Tuesday, September 10, Tennessee U.S. Senator Bob Corker told the Associated Press that he “was a little worried” Volkswagen could become “a laughingstock in many ways” if they continued their discussions with the United Auto Workers about creating a German-style works council at their Chattanooga plant. Likening the idea to “inflicting a wound,” Corker characterized management’s participation in the discussion as “naïve” and went on to single out the UAW as having created an “us versus them” mentality in plants.
Okay, so after a brief chuckle about a member of the U.S. Senate accusing anyone else of having an “us versus them” partisan mentality, I would offer the following –
Unions do need a makeover.
It seems to me that the general consensus is that the union movement in this country is struggling and must find a new path to remain relevant. That is a fact that the unions’ own leaders agree deserves attention. At the AFL-CIO convention held during the same week that Senator Corker spoke to the AP, a key theme was the need to make major changes. President Richard Trumka‘ s closing remarks centered on the need to represent worker issues whether or not those workers were paying members of an AFL-CIO related union. While that may not be a popular solution, it clearly represents thinking that is far outside of the recent pattern of union behavior in this country.
Not all of the brilliant ideas originate in the US.
So one question then is “Do the German work councils represent a form of union/management collaboration worth exploring?” Note here that VW has 90 locations around the globe and Chattanooga is the only one in which employees are not union represented – not what the Oxford dictionary considers naïve i.e., “lacking in experience or knowledge.”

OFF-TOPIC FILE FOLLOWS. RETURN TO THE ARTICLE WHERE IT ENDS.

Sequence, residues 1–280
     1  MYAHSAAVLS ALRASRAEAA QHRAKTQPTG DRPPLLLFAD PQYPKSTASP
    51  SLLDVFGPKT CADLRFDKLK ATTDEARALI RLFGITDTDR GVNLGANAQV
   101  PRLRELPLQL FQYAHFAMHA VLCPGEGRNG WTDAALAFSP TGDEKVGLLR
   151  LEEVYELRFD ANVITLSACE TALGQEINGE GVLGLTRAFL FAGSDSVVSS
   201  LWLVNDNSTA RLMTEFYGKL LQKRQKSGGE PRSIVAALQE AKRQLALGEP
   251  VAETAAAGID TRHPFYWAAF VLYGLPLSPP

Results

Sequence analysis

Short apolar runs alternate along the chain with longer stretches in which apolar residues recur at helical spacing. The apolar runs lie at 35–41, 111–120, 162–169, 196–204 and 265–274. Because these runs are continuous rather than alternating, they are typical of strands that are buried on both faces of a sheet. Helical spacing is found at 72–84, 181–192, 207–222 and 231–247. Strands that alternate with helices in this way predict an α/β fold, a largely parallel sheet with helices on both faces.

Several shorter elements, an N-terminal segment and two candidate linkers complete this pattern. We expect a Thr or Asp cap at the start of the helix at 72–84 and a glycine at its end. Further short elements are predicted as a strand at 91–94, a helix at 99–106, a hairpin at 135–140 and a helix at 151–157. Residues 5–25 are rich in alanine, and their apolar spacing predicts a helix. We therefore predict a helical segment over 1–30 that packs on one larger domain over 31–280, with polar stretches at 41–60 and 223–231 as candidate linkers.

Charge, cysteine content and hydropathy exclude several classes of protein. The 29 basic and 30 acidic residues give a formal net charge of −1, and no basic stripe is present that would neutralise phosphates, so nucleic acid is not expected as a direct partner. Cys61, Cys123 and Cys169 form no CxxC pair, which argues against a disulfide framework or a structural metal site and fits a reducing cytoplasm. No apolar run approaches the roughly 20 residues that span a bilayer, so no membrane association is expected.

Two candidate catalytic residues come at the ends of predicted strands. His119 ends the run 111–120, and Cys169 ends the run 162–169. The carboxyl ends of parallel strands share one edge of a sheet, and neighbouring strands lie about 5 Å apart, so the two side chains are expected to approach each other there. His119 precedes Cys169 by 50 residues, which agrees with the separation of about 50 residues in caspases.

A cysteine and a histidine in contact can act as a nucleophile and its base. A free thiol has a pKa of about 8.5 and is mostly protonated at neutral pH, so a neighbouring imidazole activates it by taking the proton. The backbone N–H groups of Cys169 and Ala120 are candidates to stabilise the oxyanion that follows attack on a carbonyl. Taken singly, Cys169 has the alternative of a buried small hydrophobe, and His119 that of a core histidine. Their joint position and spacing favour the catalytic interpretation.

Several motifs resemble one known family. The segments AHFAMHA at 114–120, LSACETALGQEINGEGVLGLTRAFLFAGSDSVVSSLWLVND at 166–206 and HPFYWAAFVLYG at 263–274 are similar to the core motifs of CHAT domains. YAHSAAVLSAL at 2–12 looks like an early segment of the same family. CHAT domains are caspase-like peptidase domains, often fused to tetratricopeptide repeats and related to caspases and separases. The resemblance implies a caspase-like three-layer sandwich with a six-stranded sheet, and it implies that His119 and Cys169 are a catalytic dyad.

The UAW has consistently demonstrated a willingness to try new approaches.
Marty Mulloy, the global labor strategy leader for Ford Motor, stated that the turnaround Ford has experienced would not have been possible without the collaborative work done with their UAW counterparts to forge new contracts and a new model of labor/management partnership. (To learn more about new approaches to Collaboration, see the post titled "Labor Management Collaboration Helped Fuel Ford Turnaround")
It is particularly puzzling to me that a senator from Tennessee would posit that, at the very least, VW should look to some union other than the UAW. Especially since the GM plant in Springhill, Tennessee, was established as a direct result of a joint UAW-GM study that began in 1983 when the two entities agreed that they needed to find a better way to manufacture autos in North America. The result was a highly innovative experiment in auto production and union/management collaboration that brought billions of dollars in construction and autoworker wages and thousands of jobs to Tennessee.
Here’s hoping Senator Corker can find a way to keep an open mind to collaborative efforts that have been proven elsewhere to benefit the company’s bottom line (and thus, to create and keep more jobs and to contribute more tax dollars to the local economy) and to improve the workers’ (his constituents’) work life quality.
Robert Hughes is the founder and President of Overland Resource Group. He can be reached at firstname.lastname@example.org.
VW and the UAW collaborative efforts: We would love to hear your thoughts Please join the conversation.